WHEN Bridie Jackson and The Arbour performed at last year’s Berwick Frontier Festival, it was said that you could hear a pin drop as their finely blended mix of music and harmonies wove its spell over a captive audience so its no surprise that their return to the town’s Watchtower this Saturday has created a bit of a buzz.
The Newcastle based quartet use sparse instrumentation and intriguing vocal arrangements to create music that has seen them gather quite a fanbase over the past year.
Since launching their debut album with a sell out show at The Sage Gateshead, they’ve had a busy time of things with performances right around the north east; recording their new single ‘Scarecrow’ and inking a deal with Manchester label Debt Records.
But one of the band’s biggest accomplishments so far has been securing airplay on national radio- the holy grail for many up and coming acts.
To date their songs have been played on BBC Radio 3’s Late Junction, BBC 6Music and Folk Radio UK and there’s sure to be more airtime to come in 2013.
And Bridie told ‘The Guide’ that hearing your own compositions on national radio was a novelty that would never wear off.
“There really is no better feeling! It’s amazing” she chimed.
“Getting the deal with Debt Records was fantastic too.
“It happened very gradually, like pretty much everything the band do! I met the Debt bunch a few years ago through various gig exchanges we put on for each other.
“It’s great working with them, they are simultaneously incredibly supportive and also let you get on with your own thing, which works perfectly for us.”
‘Scarecrow’ gets it official launch as a double A-side with ‘All You Love Is All You Are’ next weekend, with the launch night at Newcastle’s Cluny 2 coming near the end of a short tour of intimate venues across the north east which includes Folklines in Middlesbrough tonight and Bede’s World in Jarrow tomorrow before Bridie and the band journey up to Berwick.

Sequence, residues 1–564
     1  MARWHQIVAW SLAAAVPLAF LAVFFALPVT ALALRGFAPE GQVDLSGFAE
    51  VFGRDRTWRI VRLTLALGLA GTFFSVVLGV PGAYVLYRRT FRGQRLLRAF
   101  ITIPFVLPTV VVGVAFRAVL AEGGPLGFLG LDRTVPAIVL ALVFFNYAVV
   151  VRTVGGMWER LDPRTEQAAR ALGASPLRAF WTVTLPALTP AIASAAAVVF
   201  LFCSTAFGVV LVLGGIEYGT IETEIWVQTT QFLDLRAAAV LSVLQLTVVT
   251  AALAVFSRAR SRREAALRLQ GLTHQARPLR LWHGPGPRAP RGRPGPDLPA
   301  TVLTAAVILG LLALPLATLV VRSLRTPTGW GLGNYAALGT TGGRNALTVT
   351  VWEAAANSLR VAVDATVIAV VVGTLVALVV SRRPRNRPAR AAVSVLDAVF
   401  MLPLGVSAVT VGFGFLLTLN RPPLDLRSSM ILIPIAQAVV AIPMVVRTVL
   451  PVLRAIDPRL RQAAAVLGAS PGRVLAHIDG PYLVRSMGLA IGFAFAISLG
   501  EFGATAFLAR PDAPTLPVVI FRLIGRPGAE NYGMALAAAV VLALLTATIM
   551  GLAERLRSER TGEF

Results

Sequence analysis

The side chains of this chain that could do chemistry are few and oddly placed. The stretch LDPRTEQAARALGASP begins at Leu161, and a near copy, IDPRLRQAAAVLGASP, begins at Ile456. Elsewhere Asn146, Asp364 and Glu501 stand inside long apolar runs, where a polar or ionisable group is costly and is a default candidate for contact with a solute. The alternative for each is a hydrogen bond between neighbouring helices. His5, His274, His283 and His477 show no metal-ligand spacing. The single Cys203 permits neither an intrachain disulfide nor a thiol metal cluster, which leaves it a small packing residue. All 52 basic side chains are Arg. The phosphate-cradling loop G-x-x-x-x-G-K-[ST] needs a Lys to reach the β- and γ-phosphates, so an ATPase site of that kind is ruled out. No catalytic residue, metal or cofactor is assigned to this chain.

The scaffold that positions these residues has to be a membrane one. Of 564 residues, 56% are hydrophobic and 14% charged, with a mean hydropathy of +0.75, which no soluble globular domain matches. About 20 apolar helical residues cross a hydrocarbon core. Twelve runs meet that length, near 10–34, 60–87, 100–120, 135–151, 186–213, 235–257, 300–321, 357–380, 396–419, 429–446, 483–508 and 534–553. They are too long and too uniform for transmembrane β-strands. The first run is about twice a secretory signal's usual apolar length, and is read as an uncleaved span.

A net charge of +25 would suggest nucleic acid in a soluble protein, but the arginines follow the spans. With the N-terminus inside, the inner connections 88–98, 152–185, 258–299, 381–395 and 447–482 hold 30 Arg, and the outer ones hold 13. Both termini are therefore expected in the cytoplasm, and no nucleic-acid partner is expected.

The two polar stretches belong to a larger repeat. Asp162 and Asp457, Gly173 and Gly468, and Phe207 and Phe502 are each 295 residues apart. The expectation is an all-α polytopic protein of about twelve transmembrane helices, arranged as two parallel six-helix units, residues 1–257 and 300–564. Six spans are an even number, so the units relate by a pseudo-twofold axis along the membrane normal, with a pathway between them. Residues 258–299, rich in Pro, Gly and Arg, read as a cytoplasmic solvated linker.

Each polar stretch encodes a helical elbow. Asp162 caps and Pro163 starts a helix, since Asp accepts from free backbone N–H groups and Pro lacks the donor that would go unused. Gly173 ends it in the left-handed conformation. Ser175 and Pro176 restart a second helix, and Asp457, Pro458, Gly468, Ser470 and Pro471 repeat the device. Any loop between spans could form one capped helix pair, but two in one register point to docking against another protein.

The region-wide jaunt comes to an end next Saturday with a performance at the Moot Hall in Hexham. And Bridie said she and her bandmates Jenny Nendick, Carol Bowden and Rachel Cross, were proud to fly the flag for a region that has quietly produced some cracking acts in the last few years including Sunderland’s Field Music, who were nominated for last year’s Mercury Music Prize
She continued: “Historically, the north east has been a bit over looked culturally which in some ways is a good thing as it leaves us the space to get on with things without interference and maybe that’s why so much of the output is as original as it is.
“Getting to launch our album at The Sage was a pretty good start to 2012! We never expected to get such a positive response from both press and audience, and it was definitely the start of us thinking we might be on to something that was worth pursuing.
“Playing Frontier Fest was a big highlight of 2012 so we’re really are delighted to be returning!”
Although she is now at home on stage with her Cheryl, Rachel and renowned north east cellist, Jenny, who has previously played with Maximo Park, Bridie’s first foray into the music industry was as a solo artist.
“I used to play solo, and did that for quite a few years, but got a bit fed up of it, as it gets quite lonely after a while,” she explained.
“So I started to collaborate with lots of different musicians.
“Me and the girls formed quite gradually, and have only really been together as our current line up for just over a year. We met mostly either through work and/or the Newcastle music scene.”
Just as the music they play is very eclectic, Bridie said said that her personal influences and the collective influences of the band spanned a broad spectrum.
“In terms of my writing, it’s a bit of a process of osmosis and it changes all the time depending on what I’m listening to, reading, etc. My strongest influences definitely come from my upbringing though- my dad is a composer and ethnomusicologist and I spent a lot of my childhood in Europe, sampling a lot of different musical styles, which was very influential.
“When we’re arranging the songs, we all pitch in creatively and as we come from quite an eclectic background, we always have a real wealth of influences and experience to draw from, which is great and gives the rehearsal process a real richness and variety.”
Tickets for Bridie Jackson and The Arbour’s performance on Saturday at 7pm, where they will be supported by local singer Lindsay Walker, are available from The Cornerhouse Cafe on Church Street, Berwick, for £5.